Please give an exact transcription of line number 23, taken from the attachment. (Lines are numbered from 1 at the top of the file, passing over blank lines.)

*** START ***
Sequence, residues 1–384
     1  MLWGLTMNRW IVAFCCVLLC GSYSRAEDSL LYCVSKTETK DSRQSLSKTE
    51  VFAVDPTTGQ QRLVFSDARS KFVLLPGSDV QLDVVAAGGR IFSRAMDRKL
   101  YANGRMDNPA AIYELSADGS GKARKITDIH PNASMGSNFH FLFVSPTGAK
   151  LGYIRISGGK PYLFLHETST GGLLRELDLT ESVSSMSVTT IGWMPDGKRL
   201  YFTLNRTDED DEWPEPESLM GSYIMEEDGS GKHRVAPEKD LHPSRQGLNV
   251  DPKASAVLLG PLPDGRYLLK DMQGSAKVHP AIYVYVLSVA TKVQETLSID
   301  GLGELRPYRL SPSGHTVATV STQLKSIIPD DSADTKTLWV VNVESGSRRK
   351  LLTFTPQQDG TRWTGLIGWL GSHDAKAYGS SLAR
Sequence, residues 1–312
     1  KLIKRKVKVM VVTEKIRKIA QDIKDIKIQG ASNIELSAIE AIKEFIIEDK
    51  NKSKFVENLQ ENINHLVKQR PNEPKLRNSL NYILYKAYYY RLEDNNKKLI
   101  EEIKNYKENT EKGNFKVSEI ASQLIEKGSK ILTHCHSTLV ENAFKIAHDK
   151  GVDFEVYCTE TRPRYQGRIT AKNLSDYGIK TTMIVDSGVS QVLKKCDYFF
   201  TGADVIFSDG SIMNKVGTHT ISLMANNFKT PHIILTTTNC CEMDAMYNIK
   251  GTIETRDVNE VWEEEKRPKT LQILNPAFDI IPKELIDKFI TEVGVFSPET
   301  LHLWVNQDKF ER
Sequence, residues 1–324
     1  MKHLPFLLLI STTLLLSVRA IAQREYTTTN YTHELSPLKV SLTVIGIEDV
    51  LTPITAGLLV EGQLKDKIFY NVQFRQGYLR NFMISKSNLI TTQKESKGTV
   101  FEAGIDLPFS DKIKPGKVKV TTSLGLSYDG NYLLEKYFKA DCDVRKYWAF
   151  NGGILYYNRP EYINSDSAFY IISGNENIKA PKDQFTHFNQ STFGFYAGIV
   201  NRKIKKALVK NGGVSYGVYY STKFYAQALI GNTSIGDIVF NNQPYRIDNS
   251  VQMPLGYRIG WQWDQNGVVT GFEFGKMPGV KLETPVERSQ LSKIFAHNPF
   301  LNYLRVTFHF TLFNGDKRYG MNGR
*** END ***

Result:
   201  NRKIKKALVK NGGVSYGVYY STKFYAQALI GNTSIGDIVF NNQPYRIDNS